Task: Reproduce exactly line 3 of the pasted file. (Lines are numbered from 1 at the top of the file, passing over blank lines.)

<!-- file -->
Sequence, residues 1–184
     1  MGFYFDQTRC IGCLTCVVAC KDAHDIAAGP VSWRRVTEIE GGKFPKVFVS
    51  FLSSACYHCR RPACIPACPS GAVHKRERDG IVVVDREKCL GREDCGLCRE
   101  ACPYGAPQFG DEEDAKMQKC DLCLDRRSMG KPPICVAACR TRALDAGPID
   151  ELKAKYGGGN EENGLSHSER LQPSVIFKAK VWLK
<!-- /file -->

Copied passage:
    51  FLSSACYHCR RPACIPACPS GAVHKRERDG IVVVDREKCL GREDCGLCRE